Can Dogs Live with Seizures?

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Introduction

Studies have shown that about three percent of the doggy population have seizures. This is usually a result of the canine version of epilepsy. Humans have been studying seizures for years now and we are still trying to figure out certain aspects of them. 

When it comes to our furry friends, it is hard to figure out what exactly happens to trigger these seizures, but it is also curious to wonder if it affects their quality of living and if it causes any damage to the length of their life. Seizures are very serious and can sometimes be life-threatening, so we have to wonder if dogs can handle them and survive.

Signs Your Dog May be Seizing

Seizures are extremely scary. There is no way around that fact. When a person has a seizure, they lose complete control of their body and cannot function. Seizures can sometimes last just seconds or they can last up to ten minutes or more. Dogs are the same as humans in many ways when it comes to their seizures, especially with how they react to having one. If you think your pup may be susceptible to having seizures, you need to keep a watchful eye open for these signs. 

You may notice your dog quickly collapse and begin jerking their body around. This is because they no longer have any control over what their body is doing. With that, they may also start drooling at the mouth, chomping, biting their tongue, and foaming at the mouth. These signs are all huge indicators of something terrible going on. 

Your dog may also pass out and lose consciousness during this entire situation. If you notice your dog displaying any of these signs, be assured that dogs do not feel any pain when they are having a seizure. After it has ended, they may wake up dazed and disorientated. This is absolutely normal and should be expected. 

Body Language

Some signs that your dog is having a seizure include:
  • Shaking
  • Body freezing
  • Twitching whiskers
  • Drooling

Other Signs

More symptoms your dog may exhibit are:
  • Collapsing and loss of consciousness
  • Foaming at the mouth
  • Incontinence
  • Stiffness

History of Seizures in Dogs

Throughout the years, scientists have studied the cause of seizures in many different species. With dogs, it is harder to figure out what causes their symptoms because they do not have the ability to speak with us and tell us what is going on inside of their body. So, we have to rely on scientists to study these different symptoms and seizures to help determine how they affect our pups.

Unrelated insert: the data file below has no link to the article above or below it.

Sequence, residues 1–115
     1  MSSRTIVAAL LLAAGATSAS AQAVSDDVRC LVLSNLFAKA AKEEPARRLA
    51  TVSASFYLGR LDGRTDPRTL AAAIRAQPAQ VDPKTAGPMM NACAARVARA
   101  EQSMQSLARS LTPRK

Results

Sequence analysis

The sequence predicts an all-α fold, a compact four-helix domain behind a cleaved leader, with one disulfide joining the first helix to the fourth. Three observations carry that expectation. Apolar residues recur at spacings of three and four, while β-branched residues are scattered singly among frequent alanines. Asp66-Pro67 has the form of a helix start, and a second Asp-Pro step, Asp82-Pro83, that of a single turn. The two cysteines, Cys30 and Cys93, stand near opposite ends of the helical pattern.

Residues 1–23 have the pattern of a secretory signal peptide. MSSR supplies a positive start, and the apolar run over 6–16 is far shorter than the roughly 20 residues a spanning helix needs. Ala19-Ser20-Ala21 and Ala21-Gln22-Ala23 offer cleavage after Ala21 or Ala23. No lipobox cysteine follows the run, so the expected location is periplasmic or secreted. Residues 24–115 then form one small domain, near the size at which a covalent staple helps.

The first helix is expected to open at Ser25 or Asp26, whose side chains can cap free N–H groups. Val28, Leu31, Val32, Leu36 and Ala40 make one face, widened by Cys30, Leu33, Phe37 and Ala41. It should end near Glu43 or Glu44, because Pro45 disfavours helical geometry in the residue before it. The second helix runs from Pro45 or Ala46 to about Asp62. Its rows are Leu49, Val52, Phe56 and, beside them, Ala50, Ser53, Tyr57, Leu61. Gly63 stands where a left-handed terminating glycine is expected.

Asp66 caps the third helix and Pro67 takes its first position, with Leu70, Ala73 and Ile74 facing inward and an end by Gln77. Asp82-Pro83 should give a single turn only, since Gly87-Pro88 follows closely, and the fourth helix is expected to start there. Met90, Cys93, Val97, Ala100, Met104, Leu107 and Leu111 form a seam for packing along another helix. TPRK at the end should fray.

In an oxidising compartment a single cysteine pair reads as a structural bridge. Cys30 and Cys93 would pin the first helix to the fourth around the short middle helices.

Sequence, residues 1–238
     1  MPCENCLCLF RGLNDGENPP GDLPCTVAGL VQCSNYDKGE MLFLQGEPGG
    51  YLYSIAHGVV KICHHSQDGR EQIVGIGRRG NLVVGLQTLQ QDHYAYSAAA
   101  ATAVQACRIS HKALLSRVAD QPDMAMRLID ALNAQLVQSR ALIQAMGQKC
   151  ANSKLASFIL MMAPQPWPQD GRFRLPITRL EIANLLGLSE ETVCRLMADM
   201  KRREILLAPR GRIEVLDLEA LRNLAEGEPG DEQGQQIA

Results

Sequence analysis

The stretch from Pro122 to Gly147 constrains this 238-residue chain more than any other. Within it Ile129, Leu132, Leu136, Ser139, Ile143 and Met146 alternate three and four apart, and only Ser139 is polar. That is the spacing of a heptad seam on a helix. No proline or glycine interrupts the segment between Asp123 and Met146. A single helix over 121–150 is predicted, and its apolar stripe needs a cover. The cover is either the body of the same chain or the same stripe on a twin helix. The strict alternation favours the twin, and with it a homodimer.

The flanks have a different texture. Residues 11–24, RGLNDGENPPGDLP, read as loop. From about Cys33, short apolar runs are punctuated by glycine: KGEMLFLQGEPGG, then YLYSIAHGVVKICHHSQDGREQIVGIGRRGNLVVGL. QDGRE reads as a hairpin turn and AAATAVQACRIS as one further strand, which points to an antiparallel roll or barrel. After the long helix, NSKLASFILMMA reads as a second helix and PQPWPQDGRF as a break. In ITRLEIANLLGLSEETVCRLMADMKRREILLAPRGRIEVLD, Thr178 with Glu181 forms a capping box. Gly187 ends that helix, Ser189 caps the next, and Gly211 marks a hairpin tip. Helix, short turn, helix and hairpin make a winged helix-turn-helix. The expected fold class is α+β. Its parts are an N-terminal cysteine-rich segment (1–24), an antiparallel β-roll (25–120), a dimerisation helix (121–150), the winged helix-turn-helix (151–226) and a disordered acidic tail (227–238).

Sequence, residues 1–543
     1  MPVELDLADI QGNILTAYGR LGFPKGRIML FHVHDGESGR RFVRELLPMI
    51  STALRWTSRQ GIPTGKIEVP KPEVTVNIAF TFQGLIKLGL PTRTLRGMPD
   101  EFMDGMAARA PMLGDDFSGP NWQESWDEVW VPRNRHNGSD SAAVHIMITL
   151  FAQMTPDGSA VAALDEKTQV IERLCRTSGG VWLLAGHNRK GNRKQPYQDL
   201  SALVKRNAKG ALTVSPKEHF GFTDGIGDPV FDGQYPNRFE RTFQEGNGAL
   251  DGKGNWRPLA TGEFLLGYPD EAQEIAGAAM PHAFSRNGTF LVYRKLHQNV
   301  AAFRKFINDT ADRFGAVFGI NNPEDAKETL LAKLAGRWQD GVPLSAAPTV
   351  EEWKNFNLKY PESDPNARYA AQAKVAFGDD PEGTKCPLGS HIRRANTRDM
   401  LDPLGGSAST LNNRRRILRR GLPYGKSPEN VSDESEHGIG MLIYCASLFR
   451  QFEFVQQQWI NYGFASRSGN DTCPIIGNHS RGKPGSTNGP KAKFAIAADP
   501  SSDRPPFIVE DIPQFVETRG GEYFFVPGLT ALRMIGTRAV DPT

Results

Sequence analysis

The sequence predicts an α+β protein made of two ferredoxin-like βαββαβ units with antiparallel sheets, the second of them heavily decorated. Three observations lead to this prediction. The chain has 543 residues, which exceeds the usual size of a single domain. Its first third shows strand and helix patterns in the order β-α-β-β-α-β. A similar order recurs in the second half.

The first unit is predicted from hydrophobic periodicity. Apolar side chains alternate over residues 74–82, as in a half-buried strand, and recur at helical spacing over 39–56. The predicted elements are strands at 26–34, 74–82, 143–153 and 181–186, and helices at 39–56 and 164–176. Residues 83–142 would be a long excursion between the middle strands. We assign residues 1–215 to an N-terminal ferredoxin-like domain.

A study has been ongoing since 2013 called The Canine Epilepsy Project. This was created to study various different breeds of dogs to help determine what exactly causes seizures and to be able to decipher whether or not there are differences in certain breeds so that an effort could be made to stop crossbreeding certain types of dogs if there was proof that there was a higher chance of seizures. 

It is still an ongoing study and, hopefully, answers will follow for different pups. While that study continues on, it has been said that about 3% of dogs have idiopathic epilepsy, which means their seizures are from unknown causes.  Many different things have been found to cause seizures, including trauma to the head, eating toxic items, and brain tumors.

The Science of Dog Seizures

As we mentioned, different dog breeds may be more prone to seizures than others. We are able to take a peek into what makes certain breeds unique in the way that causes more seizures than other dogs. While the study is still ongoing, it can be said that certain dogs have experienced more seizures than others due in part to crossbreeding different types of pups. It is not always an issue, but it is something to think of when deciding whether to breed your pupper or not.

Helping Your Dog Handle Epilepsy

Epilepsy is a dangerous struggle for some, including our beloved pets. When it comes to handling a dog with epilepsy, it is first important to note that in most cases, it can be easily handled, as long as you are in touch with a good vet who understands these kinds of cases. 

When seizures occur, often times the subject who is having them will not even realize what is going on. They will simply have the seizure and when it is over, they will be confused and disoriented. 

This is the same with dogs. When dogs have seizures, they will fall over and go in and out of consciousness while their body seizes. While it is scary to witness, it is not always painful for the one going through it, so just bear that in mind. 

With all of that being said, there are different ways to be better prepared for when your dog experiences a seizure. If you know your dog has seizures, the first thing you need to do is take them immediately to the vet so that they can try to determine how to best handle the issue. Many times, there is no cure for seizures but medication can be prescribed for daily intake to help lessen the symptoms and frequency of the seizures.

After your visit to the vet, you will want to get yourself a notebook that you can carry with you to write down anything strange going on with your pup so that you can possibly figure out any triggers that may be a cause of seizures. Sometimes, no one can figure out what causes them, but in the end, seizures are mostly manageable for your four-legged pal and they will be able to live a practically normal and long life with you. 

Safely Handling Your Dog's Seizures:

  • If your dog is having a seizure, do not try to move them or interact with them. The best thing to do is to let the seizure run its course while you stand to watch.
  • Your dog may be confused after waking from their episode. They also may have no clue what happened. Keep them calm, get them water, and stay with them as long as you are able to.